The rise of the gig economy radically transformed employment for many people in a very short time. The impacts and consequences of that transformation are still working their way through various parts of our country’s legal system. While legislators try to grapple with updating employment laws to cope with the change, judges are often stuck applying potentially outdated laws to modern situations.
More employers are opting for a remote workforce. Whether due to the recent COVID-19 health crisis's challenges, costs associated with a more traditional workspace, keeping your talent on the team after a move, or other issues with a conventional commute to the office more employers than ever are taking advantage of the availability of technology and the possibility of having remote team members.
For the past several years, attempts at the federal and state level to clarify rules on joint employment situations have caused considerable heartburn and anxiety for employers. While several states and the Obama administration attempted to broaden the situations in which companies could be held liable for joint employers, other states and the Trump administration have pushed back and sought to protect many types of companies from being held accountable as joint employers.
Employment contracts are different from most other types of commercial contracts. A host of unique rules apply to employment contracts. At the end of the day, though, they are still contracts and must adhere to the basic rules of contracts, even if those rules are sometimes applied in different ways. This is particularly true when discussing non-compete clauses.
It was expected that California’s Assembly Bill 5 passed late last year would spawn tons of litigation. The law radically changed how workers from uber drivers to television show writers were classified. Those negatively impacted by the law aggressively lobbied for changes and exemptions while planning litigation should their lobbying efforts fail.
There has been an ongoing fight over how to define employees for the past few decades. As technology has re-shaped the workforce, this fight has gotten more intense. State and federal governments have struggled to set clear lines dividing independent contractors from employees for a number of purposes, including taxation and the application of workplace benefits. These benefits and taxes add on average 20% to 30% to the cost of hiring and paying a worker.
Hours of service requirements are a big deal for trucking companies. The penalties for violations can be significant – up to $16,000 per violation. Violations will also impact a trucking company’s safety score, impacting their insurance premiums. At the same time, compliance with hours of service requirements involves significant office work and record-keeping, which also cost money.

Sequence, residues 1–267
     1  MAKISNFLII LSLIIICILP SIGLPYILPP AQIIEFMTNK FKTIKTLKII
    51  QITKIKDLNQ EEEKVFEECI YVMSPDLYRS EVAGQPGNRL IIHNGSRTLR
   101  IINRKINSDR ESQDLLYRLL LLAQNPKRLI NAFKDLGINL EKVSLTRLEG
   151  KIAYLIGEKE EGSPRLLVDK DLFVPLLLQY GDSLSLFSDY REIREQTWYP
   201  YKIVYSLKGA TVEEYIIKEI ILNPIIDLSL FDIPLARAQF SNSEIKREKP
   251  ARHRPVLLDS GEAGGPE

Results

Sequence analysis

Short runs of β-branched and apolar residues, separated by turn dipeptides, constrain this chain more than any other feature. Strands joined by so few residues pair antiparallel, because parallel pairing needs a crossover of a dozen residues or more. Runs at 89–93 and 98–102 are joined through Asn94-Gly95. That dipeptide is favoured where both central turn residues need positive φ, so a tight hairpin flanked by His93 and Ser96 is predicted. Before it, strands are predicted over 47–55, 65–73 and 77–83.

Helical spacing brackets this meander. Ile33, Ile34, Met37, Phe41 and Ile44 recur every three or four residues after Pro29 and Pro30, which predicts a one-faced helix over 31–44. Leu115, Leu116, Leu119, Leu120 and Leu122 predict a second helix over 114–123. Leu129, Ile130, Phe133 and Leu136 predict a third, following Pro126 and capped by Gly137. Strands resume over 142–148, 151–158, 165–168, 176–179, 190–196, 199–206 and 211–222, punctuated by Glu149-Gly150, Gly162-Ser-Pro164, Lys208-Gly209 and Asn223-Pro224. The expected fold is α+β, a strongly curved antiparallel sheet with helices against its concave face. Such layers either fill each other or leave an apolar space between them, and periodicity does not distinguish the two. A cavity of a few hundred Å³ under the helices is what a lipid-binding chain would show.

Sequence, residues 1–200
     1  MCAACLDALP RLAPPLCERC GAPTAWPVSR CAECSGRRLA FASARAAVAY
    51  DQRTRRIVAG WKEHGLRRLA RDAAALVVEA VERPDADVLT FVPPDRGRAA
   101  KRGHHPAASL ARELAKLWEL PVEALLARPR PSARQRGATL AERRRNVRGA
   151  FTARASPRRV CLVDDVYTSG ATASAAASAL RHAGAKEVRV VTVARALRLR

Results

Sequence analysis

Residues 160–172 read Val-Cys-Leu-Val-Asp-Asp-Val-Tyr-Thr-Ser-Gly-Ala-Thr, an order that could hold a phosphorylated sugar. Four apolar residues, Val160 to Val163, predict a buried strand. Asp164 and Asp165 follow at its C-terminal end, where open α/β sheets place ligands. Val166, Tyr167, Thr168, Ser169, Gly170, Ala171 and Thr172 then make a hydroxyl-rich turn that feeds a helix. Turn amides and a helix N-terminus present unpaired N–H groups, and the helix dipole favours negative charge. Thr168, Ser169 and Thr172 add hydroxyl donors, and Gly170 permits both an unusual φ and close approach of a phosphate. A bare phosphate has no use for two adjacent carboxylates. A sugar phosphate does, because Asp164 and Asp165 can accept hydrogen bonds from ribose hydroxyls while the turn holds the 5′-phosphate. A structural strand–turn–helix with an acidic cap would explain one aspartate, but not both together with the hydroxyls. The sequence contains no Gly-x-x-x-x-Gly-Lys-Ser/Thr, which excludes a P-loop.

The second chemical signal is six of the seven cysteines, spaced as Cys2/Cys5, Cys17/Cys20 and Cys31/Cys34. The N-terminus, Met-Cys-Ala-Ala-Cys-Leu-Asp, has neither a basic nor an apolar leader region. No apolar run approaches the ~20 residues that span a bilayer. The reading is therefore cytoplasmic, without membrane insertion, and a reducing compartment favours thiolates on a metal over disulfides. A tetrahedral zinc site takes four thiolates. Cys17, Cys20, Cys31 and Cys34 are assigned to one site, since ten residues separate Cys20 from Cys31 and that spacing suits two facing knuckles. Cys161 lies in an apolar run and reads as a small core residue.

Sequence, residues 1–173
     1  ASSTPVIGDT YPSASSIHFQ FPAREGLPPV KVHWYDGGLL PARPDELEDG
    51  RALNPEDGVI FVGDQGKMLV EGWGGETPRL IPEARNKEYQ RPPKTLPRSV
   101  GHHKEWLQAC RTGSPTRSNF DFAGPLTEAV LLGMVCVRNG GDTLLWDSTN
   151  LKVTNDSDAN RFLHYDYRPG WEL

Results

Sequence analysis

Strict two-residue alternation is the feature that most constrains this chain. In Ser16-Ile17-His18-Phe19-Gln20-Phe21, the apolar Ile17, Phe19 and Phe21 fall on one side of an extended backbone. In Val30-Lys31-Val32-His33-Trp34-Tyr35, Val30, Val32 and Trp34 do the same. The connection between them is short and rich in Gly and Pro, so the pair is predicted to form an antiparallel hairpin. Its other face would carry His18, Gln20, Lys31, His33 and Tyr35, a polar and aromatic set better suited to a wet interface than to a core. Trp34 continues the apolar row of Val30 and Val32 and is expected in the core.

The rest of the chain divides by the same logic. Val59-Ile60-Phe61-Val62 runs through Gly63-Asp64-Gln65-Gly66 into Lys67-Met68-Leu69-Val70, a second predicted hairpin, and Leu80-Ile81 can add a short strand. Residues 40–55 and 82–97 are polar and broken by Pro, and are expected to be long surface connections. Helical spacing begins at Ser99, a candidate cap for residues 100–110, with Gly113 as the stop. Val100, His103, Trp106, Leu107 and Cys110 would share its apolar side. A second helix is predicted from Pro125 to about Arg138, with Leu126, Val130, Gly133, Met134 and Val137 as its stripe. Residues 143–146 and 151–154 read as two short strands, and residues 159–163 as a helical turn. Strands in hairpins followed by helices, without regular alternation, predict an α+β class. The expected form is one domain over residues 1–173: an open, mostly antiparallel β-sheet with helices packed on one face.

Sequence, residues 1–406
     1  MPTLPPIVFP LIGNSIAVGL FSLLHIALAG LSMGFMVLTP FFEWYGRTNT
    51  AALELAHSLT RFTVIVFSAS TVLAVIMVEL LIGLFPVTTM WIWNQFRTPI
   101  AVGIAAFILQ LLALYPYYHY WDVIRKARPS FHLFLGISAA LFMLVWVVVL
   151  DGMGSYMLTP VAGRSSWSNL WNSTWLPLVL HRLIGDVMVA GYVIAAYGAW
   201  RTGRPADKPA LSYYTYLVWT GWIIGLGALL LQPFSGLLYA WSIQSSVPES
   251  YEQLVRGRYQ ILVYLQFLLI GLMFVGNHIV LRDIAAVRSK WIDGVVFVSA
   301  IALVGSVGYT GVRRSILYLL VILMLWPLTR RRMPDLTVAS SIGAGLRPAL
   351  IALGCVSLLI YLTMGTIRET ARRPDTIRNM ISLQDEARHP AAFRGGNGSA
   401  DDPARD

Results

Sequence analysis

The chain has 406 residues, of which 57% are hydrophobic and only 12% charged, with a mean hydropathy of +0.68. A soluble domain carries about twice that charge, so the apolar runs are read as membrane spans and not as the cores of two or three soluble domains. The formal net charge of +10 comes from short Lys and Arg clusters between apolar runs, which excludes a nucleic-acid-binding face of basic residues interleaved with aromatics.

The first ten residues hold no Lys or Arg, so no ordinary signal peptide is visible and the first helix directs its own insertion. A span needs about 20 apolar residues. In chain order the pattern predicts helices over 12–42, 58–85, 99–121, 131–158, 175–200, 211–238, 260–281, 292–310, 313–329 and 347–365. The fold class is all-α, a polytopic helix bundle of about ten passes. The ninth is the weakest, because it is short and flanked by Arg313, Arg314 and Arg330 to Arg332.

Action over cases have become increasingly common over the past two decades. These cases involve employees collecting worker’s compensation from their employer, and then suing a third party that caused their injuries through negligence who had a contractual indemnity clause with the employer that covers the lawsuit. The prevalence of these suits have led insurance companies to take action by issuing new endorsements aimed at protecting themselves.
The Fair Labor Standards Act sets national standards for wage and hour issues related to employees. The law empowers the Department of Labor to set eligibility standards for overtime pay as well as a series of exemptions for it. Employees who qualify for overtime under the law receive time-and-a-half pay for hours worked more than forty hours a week. Time-and-a-half pay is a 50% increase to the employee’s “regular rate of pay.”
High cost for Businesses Misclassification
California continues its aggressive moves to protect truck drivers and crack down on misclassification of workers as independent contractors. The California Labor Commission opened 2019 by awarding 24 drivers who work at the Port of Los Angeles and Port of Long Beach almost six million dollars in compensatory damages in two separate. Additionally, the Labor Commission held the manager of the 24 drivers personally liable under California law for the damages. The decision is major sign of California’s ongoing intent to crack down on these issues.